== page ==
Reductions in the social anxiety of women associated with group membership: Distraction, anonymity, security, or diffusion of evaluation?

Albert V. Carron, Paul A. Estabrooks, Holly Horton, Harry Prapavessis, Heather A. Hausenblas

Research output: Contribution to journalArticle

18 Scopus citations


This study examined whether social anxiety is diminished among women in the company of a group and, if so, whether it is associated with perceptions of anonymity, being distracted, feelings of security, or an expectation that any evaluation will be diffused across the members of the group. Two social scenarios were presented to 61 female undergraduate students: a physique-salient and a general social situation. For the former situation, self-presentational anxiety was less pronounced in a group of female friends and a mixed group of male and female friends than when alone or in a group of male friends. For the general social situation, in comparison with being alone, being in a group of female friends, being in a group of male friends, and being in a mixed group of male and female friends were associated with less social anxiety. Diffusion of evaluation and perceptions of security were most strongly associated with the reduction in social anxiety.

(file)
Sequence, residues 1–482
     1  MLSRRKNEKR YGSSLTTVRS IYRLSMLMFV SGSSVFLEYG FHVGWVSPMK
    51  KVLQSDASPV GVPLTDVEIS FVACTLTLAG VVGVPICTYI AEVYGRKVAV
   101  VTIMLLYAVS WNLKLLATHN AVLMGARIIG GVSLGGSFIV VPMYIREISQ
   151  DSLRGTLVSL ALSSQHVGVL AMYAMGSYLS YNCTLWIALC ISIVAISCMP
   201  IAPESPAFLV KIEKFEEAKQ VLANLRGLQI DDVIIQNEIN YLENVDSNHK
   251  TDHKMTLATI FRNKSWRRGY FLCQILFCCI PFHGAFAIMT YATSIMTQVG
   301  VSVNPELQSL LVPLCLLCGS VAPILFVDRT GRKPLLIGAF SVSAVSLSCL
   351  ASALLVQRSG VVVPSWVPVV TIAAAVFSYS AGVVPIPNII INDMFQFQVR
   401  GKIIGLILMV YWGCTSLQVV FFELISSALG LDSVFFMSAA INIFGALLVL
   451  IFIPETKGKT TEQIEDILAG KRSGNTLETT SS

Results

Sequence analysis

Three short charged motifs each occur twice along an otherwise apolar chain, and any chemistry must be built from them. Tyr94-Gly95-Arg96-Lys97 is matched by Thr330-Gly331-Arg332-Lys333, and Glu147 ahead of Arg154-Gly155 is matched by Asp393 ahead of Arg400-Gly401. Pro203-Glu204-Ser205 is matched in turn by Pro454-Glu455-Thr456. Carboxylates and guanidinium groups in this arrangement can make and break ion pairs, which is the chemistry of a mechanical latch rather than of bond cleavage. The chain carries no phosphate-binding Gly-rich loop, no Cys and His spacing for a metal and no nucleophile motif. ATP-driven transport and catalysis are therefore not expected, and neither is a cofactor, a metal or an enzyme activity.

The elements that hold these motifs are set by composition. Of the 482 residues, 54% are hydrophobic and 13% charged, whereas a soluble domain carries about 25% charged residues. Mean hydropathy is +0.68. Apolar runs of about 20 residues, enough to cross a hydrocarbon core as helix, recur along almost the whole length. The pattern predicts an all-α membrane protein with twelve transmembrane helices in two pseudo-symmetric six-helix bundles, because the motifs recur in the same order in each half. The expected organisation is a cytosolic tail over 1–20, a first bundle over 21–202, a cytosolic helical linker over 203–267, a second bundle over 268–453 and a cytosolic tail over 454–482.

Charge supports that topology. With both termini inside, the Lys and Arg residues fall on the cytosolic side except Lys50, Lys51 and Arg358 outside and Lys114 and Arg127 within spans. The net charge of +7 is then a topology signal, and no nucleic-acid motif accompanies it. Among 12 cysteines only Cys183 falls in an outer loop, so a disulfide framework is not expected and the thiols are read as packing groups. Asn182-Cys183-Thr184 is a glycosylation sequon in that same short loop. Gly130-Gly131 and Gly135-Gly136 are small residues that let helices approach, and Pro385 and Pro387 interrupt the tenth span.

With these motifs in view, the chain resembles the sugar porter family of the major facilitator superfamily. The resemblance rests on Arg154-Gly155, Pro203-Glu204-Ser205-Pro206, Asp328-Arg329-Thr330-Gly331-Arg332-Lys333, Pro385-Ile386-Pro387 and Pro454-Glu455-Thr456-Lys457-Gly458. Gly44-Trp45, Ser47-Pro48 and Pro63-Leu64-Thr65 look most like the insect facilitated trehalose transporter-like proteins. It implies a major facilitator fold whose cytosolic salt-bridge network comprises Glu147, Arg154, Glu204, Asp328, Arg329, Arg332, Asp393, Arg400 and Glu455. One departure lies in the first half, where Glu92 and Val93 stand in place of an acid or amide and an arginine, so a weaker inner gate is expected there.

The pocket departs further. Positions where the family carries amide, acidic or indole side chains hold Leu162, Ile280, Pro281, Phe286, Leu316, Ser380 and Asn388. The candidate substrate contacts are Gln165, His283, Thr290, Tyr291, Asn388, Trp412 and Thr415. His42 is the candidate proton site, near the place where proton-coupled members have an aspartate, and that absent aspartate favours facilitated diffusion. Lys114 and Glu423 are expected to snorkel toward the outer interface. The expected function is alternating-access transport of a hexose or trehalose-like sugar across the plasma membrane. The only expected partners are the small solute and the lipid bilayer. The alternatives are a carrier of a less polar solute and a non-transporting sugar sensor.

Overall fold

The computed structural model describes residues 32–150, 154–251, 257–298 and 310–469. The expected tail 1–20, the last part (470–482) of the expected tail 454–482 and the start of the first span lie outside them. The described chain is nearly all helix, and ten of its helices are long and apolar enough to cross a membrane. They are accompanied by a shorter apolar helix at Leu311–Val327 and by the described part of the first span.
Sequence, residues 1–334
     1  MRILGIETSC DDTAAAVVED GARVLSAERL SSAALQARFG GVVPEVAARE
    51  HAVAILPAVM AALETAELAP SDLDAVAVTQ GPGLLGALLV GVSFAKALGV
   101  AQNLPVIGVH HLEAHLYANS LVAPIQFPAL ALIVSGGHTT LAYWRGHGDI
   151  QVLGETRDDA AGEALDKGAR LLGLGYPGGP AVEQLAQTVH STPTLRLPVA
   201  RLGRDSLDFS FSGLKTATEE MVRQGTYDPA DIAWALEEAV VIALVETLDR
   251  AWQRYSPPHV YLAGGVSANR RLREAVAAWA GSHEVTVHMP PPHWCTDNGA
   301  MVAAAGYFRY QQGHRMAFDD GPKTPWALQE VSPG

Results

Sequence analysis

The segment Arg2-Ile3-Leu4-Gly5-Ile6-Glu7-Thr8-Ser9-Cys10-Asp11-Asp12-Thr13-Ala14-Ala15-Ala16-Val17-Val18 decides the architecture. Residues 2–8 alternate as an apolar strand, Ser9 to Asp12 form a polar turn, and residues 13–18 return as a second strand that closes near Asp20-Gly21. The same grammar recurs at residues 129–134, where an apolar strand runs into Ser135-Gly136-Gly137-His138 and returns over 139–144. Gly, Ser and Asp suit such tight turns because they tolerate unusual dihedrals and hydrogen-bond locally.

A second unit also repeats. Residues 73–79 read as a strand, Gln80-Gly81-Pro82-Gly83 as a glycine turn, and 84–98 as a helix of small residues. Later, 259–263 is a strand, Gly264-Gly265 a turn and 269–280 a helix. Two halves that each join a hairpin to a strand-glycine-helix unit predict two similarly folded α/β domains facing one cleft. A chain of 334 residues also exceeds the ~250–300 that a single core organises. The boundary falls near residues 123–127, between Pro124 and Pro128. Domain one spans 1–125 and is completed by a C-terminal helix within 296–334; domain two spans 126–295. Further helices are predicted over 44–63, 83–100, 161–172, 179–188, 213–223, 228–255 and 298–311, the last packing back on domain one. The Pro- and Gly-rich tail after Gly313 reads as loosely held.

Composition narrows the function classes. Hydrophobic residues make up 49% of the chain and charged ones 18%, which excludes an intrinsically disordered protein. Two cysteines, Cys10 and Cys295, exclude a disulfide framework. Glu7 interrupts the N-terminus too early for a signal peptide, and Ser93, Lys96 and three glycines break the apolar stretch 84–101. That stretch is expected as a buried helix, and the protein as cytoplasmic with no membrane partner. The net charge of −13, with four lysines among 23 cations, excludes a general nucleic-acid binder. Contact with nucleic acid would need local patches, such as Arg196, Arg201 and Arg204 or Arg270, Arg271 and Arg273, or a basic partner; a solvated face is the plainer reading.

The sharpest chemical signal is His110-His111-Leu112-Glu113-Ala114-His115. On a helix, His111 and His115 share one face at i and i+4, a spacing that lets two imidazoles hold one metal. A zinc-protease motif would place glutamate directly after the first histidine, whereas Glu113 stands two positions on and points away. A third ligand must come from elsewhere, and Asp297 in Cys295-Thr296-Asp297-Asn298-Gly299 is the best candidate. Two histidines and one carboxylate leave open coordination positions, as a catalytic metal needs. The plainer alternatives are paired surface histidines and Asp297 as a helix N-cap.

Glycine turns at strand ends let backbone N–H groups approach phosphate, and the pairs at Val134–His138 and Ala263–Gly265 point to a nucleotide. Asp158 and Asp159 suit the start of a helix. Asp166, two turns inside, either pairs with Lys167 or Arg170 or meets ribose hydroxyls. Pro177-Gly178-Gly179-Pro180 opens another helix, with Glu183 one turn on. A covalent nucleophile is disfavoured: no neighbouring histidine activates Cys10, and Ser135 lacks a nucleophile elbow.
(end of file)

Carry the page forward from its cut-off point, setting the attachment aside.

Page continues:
Original languageEnglish (US)
Pages (from-to)152-160
Number of pages9
JournalGroup Dynamics
Issue number2
StatePublished - Dec 1 1999


ASJC Scopus subject areas

  • Social Psychology
  • Applied Psychology

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